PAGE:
By Stephanie McCrummen
Washington Post Foreign Service
Thursday, January 3, 2008
ELDORET, Kenya, Jan. 2 -- One after another, bandaged men and women offered chilling details: that a swarming mob of machete-wielding men chained the front door of a mud-and-steel church, trapping about 100 people, mostly women and children, inside.
The mob shoved mattresses against the outside walls, doused them with gasoline and tossed a match.
Those inside who tried to escape through windows were hacked to death with machetes.
But for Joseph Njuguna, who rested in the sun outside a hospital Wednesday, his head and hands bandaged from fighting off a machete blade, there was one detail that disturbed him more than all the others: a familiar face in the screaming mob.
"Paul," said Njuguna, who is from the Kikuyu tribe, referring to a man from a different tribe. "He's my neighbor. He is my friend. I did not think that Paul could do something like that."
Since Sunday, when President Mwai Kibaki was declared winner of an election amid charges of vote-rigging, a massive wave of house burnings has overwhelmingly targeted members of his ethnic group, the Kikuyus, who have been driven from their homes by the tens of thousands, according to victims, aid workers and local officials.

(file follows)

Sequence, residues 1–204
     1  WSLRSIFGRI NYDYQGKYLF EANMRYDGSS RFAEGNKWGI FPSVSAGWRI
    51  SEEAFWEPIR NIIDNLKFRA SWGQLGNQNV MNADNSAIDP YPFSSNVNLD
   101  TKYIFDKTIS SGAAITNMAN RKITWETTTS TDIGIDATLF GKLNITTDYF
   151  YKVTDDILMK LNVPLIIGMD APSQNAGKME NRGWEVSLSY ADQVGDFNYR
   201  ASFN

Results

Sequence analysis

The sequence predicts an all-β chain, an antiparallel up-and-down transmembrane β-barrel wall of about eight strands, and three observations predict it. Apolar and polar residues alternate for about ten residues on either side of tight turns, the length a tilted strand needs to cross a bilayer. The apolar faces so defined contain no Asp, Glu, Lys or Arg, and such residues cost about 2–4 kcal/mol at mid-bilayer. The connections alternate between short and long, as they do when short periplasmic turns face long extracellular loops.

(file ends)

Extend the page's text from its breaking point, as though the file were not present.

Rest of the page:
Perhaps nowhere have Kenyans been transformed so quickly from ethnically integrated neighbors into tribal warriors than in this western city, which has been the scene of previous bouts of ethnic fighting, but not on this scale.
The situation has quieted in Nairobi and elsewhere across the country, but here in Eldoret, scores of houses were burned to the ground Wednesday.
Some of the attackers call themselves Raila's Army, for fiery opposition leader Raila Odinga, who says the election, initially praised for its openness and high turnout, was stolen from him by a Kikuyu elite that refuses to relinquish power. Massive rallies are planned for Thursday, offering a chance for the venting of anger or creating a venue for larger confrontations between protesters and police.